Bartholomew County government employees are getting a financial break on health insurance costs for next year.
While the self-insured county has been paying 70 percent of co-payments during physician visits this year, the Bartholomew County Commissioners have voted to raise the county’s contribution to 80 percent, commissioners chairman Carl Lienhoop said.
This week’s action prompted an objection from county resident Mike Lovelace, however, who noted the increased benefit was approved a month after the Bartholomew County Council approved a 40 percent increase in the local income tax rate.
Starting in January, the current tax rate of 1.25 percent of a worker’s gross pay will rise to 1.75 percent, following the 4-3 vote Oct. 10.
However, Lienhoop said annual health insurance deductibles have gone up as high as $6,000, which he believes has prompted total annual claims to fall well below normal amounts.
That’s an indication that deductibles are so high that employees are not seeking the medical care they need, Lienhoop said.
Following rises in claims that prompted county government’s health care costs to more than double from 2013 to 2014, the county has seen more than two consecutive years of steady financial growth in the health care trust, he said.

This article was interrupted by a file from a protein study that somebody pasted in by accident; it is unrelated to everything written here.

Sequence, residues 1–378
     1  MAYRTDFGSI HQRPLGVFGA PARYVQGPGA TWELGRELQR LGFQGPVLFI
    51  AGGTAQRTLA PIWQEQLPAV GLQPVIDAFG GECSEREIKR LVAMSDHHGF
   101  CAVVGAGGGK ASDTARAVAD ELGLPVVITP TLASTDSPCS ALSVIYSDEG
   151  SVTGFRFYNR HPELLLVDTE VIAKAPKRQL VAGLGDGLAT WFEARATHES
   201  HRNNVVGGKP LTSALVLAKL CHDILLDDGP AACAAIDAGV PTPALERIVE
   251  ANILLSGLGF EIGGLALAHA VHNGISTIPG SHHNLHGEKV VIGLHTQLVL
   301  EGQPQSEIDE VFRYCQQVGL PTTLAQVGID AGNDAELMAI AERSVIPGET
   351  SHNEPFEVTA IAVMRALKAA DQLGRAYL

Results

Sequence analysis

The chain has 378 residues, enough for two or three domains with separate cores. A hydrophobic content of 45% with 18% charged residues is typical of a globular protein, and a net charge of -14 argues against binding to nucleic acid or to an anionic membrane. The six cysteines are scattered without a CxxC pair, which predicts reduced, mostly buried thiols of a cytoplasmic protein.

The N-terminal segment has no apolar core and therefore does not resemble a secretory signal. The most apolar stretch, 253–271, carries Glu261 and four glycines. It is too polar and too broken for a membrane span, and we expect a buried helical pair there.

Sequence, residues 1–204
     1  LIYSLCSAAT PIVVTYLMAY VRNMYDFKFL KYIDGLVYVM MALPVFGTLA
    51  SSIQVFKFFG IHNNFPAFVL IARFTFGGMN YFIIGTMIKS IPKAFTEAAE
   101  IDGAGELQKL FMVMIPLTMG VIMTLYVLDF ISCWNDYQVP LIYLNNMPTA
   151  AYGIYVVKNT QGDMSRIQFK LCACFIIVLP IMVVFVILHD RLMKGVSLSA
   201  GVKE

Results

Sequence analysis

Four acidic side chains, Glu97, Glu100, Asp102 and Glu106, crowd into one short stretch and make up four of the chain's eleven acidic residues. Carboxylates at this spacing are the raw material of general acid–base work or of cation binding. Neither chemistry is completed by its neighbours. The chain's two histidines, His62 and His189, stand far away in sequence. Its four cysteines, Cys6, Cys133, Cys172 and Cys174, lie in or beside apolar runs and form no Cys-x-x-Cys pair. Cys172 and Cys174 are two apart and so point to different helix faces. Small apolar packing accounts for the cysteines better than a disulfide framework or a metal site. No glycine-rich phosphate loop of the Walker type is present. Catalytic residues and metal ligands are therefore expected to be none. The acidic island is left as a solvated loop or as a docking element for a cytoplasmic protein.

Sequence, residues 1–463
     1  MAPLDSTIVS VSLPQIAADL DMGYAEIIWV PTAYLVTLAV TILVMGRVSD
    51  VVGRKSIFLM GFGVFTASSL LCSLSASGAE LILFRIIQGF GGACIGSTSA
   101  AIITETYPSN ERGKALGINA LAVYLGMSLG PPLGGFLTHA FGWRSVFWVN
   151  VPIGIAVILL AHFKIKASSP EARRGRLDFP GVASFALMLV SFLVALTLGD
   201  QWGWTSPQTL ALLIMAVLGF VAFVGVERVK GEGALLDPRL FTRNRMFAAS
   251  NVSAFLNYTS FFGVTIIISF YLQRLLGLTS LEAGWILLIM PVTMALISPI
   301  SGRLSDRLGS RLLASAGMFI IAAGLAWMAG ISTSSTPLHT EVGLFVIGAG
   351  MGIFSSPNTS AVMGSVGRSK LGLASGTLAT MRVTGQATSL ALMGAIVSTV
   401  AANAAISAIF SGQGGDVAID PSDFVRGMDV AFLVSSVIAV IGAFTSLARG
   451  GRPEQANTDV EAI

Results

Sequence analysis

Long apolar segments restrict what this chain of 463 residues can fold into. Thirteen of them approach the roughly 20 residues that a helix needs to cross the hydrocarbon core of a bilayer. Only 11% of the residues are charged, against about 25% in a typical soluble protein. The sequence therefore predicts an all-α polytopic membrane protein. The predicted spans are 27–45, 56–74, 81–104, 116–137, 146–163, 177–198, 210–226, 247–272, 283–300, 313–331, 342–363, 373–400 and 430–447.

The growth has been enough to justify trimming back some of the additional financial burdens that have been placed on county employees, Lienhoop said.
After losing its entire information technology staff in 2016, a number of county administrators expressed concern to the county council last spring about the growing possibility of losing their most valuable employees to the private sector.
Although the county can’t usually compete with for-profit businesses in salaries, many employees choose to stay because the county has offered either exceptional or competitive benefits, administrators said.
In the payroll portion of the 2018 budget, the county council has approved a 3 percent salary increase for full-time employees.